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Hiring Green Graduates

May is a time of year where we shed off the drab winter blues and look forward to the warmth of springtime.  May is also a time for college graduation and students hoping to start a career in their primary field of study.  It is estimated by The National Center for Education Statistics that roughly 2.8 million students will graduate with a bachelor’s degree or higher in 2019.  For employers this is an untapped market of bright, new talent; however, most of these individuals will not have enough on-the-job experience to qualify for jobs in their field of study. That begs the question, how do you as a small business, tap into this talent pool knowing that these graduates may not have internships or relevant job experience?

Here are a few tips to navigate the waters of the Green Graduate:

  • Create an internship or externship program.
    Provide opportunities where students and graduates can obtain on-the-job (OJT) training in their degree program. By creating these types of programs, individuals can get their foot in the door and showcase their talent, while you have the opportunity to evaluate the individual on their merits. When setting up an internship or externship, be sure that it is legally compliant with Department of Labor (DOL) guidelines.
  • Determine if certain job requirements can be reduced or if coursework and projects can be considered as experience.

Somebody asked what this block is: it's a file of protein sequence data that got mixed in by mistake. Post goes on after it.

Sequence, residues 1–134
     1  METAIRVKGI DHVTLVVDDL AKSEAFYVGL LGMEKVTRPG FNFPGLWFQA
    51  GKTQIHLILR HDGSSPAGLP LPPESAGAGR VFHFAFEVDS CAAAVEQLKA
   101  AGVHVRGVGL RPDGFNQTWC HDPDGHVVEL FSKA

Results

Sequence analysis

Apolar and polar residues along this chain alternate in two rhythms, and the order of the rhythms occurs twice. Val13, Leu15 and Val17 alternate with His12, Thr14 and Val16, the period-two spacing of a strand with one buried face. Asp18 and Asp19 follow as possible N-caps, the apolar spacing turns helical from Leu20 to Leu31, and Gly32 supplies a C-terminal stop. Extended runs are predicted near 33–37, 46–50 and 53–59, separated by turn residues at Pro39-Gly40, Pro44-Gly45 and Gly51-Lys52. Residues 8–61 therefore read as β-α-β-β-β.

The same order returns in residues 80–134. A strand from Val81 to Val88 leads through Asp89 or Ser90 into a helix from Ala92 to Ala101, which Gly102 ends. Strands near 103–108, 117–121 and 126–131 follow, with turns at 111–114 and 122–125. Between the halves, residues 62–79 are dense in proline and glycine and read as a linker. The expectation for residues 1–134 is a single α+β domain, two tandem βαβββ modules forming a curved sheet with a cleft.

Some job postings are identified as entry-level positions only to require that the individual must have some experience.  Try to be loose in what you identify as years of experience. In some cases, especially in the IT arena, there are bright and rising stars in the field who have completed numerous courses and projects that could potentially be counted towards meeting the experience requirement.
  • Be thorough in your interviewing.
    Successfully interviewing candidates is the key to any good hiring practice. Be especially thorough with green graduates, as  you are taking a chance with someone who might not have enough experience or track record in doing the job.  Get to know the candidate and learn what their career ambitions might be, as well as their overall maturity level.  By gauging their ambition and maturity level, you’ll be able to assess if the candidate is ready to make the jump from college grad to being part of the professional workforce.
  • Once hired, provide training.
    Regardless of where you are in your career, it is necessary to consistently attend training and development programs simply because technology or best practices are changing at a rapid pace. This is especially important for the green graduate. Providing OJT will allow the employee to acclimate to the industry and provide opportunities to network with other professionals. Additionally, OJT will also help you as an employer, guide the green graduate to success in a demanding career.